Australia’s Qantas Airways has placed an order for 36 Airbus A321XLRs, the airline announced Wednesday. The deal involves a conversion of an existing order for 26 A320neos and a new firm order for 10 A321XLRs.
Qantas said the deal offers “significant flexibility” for the airline group—which includes Qantas low-cost carrier—to make adjustments to delivery schedules, depending on market conditions. It added that the XLR will improve fleet flexibility and network options for potential use by different airlines in the Qantas Group. Its 4,700-nm range means the carrier can open new destinations or replace widebody aircraft on existing routes.
The A321XLR’s range exceeds that of the A321LR by 15 percent, thanks to additional fuel tanks in the belly of the aircraft plus improved aerodynamics and a 25 percent increase in mtow compared with the group’s existing A320s.
“We already know the A320 is a great aircraft and this new variant can fly further and more efficiently than any other single-aisle jet on the market,” said Qantas Group CEO Alan Joyce. “It can fly routes like Cairns-Tokyo or Melbourne-Singapore, which existing narrowbodies can’t, and that changes the economics of lots of potential routes into Asia to make them not just physically possible but financially attractive.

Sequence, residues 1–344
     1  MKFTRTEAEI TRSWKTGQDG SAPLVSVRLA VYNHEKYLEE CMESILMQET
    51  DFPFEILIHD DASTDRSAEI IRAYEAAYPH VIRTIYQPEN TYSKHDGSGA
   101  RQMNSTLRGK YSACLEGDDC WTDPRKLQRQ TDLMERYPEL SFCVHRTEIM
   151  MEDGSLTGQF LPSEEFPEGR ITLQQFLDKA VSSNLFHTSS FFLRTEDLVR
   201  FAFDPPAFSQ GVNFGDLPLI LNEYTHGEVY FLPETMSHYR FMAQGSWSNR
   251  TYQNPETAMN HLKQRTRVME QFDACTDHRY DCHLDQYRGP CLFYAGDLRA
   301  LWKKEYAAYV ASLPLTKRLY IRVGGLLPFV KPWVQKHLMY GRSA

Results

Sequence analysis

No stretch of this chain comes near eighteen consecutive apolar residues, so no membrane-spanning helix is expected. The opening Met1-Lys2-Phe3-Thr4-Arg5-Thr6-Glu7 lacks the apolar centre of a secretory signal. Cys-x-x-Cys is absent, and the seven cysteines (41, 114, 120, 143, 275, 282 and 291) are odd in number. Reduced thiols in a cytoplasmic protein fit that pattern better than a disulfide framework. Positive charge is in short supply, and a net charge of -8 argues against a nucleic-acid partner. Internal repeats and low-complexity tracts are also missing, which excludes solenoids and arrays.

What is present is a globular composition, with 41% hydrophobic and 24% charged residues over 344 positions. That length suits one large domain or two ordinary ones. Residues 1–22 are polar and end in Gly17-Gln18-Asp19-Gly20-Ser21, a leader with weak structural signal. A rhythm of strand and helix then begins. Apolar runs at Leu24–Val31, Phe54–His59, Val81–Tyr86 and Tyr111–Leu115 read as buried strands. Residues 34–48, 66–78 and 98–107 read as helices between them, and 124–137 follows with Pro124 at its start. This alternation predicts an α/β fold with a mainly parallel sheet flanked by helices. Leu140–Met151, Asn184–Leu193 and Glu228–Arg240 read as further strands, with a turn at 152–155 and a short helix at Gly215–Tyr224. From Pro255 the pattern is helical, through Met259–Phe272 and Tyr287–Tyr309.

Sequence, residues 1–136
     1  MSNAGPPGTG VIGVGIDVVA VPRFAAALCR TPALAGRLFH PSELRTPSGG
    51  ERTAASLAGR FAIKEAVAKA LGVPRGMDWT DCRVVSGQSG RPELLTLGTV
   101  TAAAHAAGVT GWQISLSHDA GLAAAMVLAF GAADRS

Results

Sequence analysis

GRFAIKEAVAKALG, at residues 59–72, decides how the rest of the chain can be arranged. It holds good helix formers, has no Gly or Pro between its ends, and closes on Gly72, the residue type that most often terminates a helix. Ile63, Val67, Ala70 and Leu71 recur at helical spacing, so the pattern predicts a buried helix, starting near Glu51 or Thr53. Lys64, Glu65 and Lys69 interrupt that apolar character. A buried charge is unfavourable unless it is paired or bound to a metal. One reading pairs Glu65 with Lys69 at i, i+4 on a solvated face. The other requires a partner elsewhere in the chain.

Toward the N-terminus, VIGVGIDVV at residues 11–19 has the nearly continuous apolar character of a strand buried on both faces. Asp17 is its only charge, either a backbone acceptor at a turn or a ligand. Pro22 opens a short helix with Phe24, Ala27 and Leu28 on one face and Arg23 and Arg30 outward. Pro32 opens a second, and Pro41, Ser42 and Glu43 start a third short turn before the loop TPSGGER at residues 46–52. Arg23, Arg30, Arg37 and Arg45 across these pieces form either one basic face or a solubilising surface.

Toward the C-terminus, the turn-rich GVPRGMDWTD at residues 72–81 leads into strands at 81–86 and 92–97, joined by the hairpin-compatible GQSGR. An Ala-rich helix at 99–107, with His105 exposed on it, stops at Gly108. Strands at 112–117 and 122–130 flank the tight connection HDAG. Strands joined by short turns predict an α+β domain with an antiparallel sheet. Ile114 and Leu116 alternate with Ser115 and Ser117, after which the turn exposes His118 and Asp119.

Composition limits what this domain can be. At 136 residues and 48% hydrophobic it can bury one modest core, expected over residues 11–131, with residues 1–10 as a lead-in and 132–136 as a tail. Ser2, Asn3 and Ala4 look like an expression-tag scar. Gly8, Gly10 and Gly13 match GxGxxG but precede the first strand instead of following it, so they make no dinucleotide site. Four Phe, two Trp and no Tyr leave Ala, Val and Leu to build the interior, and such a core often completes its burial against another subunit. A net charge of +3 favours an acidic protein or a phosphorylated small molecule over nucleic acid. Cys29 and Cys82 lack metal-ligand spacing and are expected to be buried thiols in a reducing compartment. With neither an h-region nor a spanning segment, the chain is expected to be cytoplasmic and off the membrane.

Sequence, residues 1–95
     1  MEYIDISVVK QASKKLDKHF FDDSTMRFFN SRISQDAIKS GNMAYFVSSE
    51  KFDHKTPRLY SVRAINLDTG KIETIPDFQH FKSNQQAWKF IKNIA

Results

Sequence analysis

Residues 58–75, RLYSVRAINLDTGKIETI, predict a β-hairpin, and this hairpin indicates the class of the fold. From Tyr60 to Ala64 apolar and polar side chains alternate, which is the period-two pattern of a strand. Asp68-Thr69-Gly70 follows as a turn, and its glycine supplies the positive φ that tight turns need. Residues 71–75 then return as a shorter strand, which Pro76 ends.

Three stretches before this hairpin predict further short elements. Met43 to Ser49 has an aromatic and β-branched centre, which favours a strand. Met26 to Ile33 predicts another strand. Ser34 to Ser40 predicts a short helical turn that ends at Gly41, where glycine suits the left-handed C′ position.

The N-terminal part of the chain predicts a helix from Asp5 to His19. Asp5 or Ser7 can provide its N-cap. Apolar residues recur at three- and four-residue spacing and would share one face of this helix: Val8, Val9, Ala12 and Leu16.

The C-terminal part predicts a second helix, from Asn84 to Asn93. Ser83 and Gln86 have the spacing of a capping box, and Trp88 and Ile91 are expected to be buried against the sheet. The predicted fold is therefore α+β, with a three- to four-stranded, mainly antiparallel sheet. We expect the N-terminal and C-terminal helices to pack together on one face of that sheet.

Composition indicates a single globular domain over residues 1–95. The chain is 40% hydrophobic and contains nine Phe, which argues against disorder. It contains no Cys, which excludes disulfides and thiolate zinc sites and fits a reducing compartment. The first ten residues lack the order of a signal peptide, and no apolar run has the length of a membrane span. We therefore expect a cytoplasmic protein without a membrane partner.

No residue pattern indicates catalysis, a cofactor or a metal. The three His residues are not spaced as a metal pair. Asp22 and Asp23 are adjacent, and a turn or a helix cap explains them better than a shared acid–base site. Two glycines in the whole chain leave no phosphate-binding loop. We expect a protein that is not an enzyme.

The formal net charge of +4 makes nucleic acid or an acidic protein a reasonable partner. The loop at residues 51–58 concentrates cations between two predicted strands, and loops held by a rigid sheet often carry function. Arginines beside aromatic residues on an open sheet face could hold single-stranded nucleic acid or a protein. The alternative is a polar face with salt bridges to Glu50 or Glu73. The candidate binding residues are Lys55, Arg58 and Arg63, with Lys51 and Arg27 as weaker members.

“We’ll take a decision closer to the time about which parts of the group will use these aircraft, but there is plenty of potential across Qantas and Jetstar. We’ll also take a view on whether they are used to replace older aircraft or whether they are used for growth, which will depend on what’s happening in the market.”
As announced in early 2018, the first deliveries from the group’s A320-family order will begin with 18 A321LRs for Jetstar, arriving between mid-2020 and mid-2022. They will operate a mix of domestic and international routes.
The first A321XLR would be available to the Australian company from the 2024 financial year onwards. The Qantas Group A320 family order count now stands at 28 A321LRs, 36 A321XLRs, and 45 A320neos, with continued flexibility around timing and structure in negotiation with Airbus.